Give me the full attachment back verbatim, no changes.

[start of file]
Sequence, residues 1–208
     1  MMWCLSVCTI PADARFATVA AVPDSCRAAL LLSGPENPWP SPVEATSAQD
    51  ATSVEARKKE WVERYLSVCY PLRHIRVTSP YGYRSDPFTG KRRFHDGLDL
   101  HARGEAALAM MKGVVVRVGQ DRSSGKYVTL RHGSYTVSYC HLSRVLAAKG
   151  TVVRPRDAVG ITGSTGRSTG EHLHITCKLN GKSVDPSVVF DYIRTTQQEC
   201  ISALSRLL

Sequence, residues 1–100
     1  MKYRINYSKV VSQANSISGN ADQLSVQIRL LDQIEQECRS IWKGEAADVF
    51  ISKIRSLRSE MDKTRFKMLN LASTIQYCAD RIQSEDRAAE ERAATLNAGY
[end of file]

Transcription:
Sequence, residues 1–208
     1  MMWCLSVCTI PADARFATVA AVPDSCRAAL LLSGPENPWP SPVEATSAQD
    51  ATSVEARKKE WVERYLSVCY PLRHIRVTSP YGYRSDPFTG KRRFHDGLDL
   101  HARGEAALAM MKGVVVRVGQ DRSSGKYVTL RHGSYTVSYC HLSRVLAAKG
   151  TVVRPRDAVG ITGSTGRSTG EHLHITCKLN GKSVDPSVVF DYIRTTQQEC
   201  ISALSRLL

Sequence, residues 1–100
     1  MKYRINYSKV VSQANSISGN ADQLSVQIRL LDQIEQECRS IWKGEAADVF
    51  ISKIRSLRSE MDKTRFKMLN LASTIQYCAD RIQSEDRAAE ERAATLNAGY